The Board of Trustees of the Social Security Trust Fund released its “2022 Annual Report of the Board of Trustees of the Federal Old-Age and Survivors Insurance and Federal Disability Insurance Trust Funds” on June 2, increasing the Social Security wage base to $155,100.
The wage base limit is the maximum wage that’s subject to the tax for that year, according to the Internal Revenue Service (IRS). The Social Security Administration (SSA) explains on its website that this limit changes each year with changes in the national average wage index — and that this amount is also commonly referred to as the taxable maximum.
“Social Security’s Old-Age, Survivors, and Disability Insurance (OASDI) program limits the amount of earnings subject to taxation for a given year. The same annual limit also applies when those earnings are used in a benefit computation,” the SSA detailed.
According to the annual report, for 2023, the wage base will be $155,100 — up from $147,000 in 2022, and $142,800 in 2021.
The SSA provides three forecasts for the wage base (intermediate, low and high cost) and all predict an increase to $155,100 in 2023.
The OASDI tax rate for wages paid in 2022 is set by statute at 6.2% for employees and employers, so an individual with wages equal to or larger than $147,000 would contribute $9,114 to the OASDI program in 2022, and his or her employer would contribute the same amount. Meanwhile, in 2022, the OASDI tax rate for self-employment income is 12.4%.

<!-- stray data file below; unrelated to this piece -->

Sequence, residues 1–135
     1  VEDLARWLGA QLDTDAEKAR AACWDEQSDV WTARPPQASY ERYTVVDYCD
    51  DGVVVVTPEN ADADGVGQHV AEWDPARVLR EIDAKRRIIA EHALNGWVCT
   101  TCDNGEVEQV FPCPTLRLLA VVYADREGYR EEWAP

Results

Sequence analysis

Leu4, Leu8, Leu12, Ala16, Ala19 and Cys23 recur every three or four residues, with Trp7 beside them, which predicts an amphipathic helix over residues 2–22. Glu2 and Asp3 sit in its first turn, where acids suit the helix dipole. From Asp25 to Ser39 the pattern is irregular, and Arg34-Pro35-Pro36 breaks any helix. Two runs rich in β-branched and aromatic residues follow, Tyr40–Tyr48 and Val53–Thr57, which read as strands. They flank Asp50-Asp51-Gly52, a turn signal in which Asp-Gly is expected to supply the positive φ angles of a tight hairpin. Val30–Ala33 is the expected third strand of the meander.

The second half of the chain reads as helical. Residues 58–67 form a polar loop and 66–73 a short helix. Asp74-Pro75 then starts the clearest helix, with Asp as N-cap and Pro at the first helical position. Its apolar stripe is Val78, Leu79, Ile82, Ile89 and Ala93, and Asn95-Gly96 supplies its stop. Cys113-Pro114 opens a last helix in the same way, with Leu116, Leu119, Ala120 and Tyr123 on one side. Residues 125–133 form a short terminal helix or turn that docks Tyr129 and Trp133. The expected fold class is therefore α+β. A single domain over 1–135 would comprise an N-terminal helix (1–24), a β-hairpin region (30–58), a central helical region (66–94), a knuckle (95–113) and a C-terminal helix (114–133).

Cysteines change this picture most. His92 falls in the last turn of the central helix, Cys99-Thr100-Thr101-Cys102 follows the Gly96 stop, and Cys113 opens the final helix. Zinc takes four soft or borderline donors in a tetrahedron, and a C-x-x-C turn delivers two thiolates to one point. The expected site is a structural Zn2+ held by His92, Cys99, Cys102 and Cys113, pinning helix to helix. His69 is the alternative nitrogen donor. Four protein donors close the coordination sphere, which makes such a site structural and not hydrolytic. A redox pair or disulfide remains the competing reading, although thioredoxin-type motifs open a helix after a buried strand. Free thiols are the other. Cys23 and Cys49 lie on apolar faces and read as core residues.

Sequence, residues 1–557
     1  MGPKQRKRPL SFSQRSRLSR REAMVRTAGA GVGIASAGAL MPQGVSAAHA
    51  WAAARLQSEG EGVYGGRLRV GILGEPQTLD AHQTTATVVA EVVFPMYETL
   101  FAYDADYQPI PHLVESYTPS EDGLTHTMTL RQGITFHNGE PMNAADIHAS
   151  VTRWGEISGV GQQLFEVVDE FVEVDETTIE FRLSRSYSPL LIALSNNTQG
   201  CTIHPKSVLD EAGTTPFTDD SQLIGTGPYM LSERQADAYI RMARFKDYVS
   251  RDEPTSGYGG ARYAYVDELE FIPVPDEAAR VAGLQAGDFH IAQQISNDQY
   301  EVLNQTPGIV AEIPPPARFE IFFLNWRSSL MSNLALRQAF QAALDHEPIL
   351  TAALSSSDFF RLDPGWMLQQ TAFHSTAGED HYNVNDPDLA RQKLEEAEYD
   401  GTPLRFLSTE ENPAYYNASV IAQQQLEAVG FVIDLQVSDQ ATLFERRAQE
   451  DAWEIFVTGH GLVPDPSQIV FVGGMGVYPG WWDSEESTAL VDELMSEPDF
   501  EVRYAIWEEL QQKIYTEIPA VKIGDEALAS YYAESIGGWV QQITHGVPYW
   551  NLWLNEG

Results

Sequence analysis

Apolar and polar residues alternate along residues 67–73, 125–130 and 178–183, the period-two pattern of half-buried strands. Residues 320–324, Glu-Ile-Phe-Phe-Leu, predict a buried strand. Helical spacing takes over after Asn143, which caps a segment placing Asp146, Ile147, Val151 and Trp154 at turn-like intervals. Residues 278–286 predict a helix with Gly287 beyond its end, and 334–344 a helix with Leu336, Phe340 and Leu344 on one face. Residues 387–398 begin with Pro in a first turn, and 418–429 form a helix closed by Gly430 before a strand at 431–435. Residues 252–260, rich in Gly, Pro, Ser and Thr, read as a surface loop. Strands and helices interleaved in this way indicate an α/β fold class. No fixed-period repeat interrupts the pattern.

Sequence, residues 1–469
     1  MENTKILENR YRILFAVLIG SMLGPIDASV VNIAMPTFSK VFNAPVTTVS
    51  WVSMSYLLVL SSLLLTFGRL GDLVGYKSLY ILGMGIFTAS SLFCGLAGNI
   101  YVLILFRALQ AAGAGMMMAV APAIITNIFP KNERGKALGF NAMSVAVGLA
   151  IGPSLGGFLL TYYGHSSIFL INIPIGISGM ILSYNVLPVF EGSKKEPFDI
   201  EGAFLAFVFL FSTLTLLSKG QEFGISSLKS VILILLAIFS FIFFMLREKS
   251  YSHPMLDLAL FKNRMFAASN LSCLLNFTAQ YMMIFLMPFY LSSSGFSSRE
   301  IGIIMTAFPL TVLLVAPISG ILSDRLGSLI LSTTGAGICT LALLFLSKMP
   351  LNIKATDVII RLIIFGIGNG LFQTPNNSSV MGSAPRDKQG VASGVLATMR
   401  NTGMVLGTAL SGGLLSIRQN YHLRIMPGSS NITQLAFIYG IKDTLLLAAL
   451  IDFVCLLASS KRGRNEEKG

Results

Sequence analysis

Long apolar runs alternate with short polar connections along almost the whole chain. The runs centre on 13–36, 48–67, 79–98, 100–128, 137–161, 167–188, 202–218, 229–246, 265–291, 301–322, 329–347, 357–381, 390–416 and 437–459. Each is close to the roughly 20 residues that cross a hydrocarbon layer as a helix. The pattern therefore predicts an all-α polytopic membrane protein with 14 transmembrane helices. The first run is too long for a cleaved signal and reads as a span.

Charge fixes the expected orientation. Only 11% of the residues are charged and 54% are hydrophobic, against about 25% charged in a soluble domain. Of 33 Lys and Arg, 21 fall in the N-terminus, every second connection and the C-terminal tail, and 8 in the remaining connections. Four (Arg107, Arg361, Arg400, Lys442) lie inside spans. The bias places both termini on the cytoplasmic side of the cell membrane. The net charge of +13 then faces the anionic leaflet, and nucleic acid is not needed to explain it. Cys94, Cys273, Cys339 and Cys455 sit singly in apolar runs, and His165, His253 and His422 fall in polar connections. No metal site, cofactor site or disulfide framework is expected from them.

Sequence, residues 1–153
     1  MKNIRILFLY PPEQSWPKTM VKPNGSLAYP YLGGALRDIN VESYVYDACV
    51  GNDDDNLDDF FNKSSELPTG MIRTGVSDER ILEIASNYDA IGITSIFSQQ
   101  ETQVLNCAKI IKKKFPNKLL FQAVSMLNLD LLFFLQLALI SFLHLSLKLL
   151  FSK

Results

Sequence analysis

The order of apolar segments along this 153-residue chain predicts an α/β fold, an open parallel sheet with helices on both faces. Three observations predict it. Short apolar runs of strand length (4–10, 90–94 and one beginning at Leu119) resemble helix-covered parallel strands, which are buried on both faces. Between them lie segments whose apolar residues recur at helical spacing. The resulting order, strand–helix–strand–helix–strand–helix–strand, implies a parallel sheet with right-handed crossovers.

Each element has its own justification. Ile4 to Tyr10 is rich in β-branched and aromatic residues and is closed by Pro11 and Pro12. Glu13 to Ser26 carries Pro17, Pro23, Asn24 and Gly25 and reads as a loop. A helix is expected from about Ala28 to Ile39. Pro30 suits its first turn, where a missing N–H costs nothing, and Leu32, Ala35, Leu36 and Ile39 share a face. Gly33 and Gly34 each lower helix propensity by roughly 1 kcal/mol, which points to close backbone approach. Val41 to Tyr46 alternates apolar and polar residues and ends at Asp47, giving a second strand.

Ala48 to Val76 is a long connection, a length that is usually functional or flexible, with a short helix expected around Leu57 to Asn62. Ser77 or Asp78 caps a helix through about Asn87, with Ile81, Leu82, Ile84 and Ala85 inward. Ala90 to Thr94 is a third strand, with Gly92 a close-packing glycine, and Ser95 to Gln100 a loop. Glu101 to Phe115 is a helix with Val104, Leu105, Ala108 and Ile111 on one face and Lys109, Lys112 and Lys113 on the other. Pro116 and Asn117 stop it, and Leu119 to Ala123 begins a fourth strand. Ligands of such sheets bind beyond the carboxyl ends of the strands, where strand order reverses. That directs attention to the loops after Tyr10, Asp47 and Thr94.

The formal announcement of the 2023 wage base will not come until mid-October, American Payroll reports, adding that the projections, “which are only an indication of the expected trend, are based on Social Security program provisions in current law and do not take into account any changes in these provisions that might be made in the future.”
The board said in the report that the assumptions were set in mid-February 2022 and developments since then “have added to the uncertainty regarding the path of the COVID-19 pandemic and the economy. The Trustees will continue to monitor these and any future developments and modify the projections in later reports as appropriate.”
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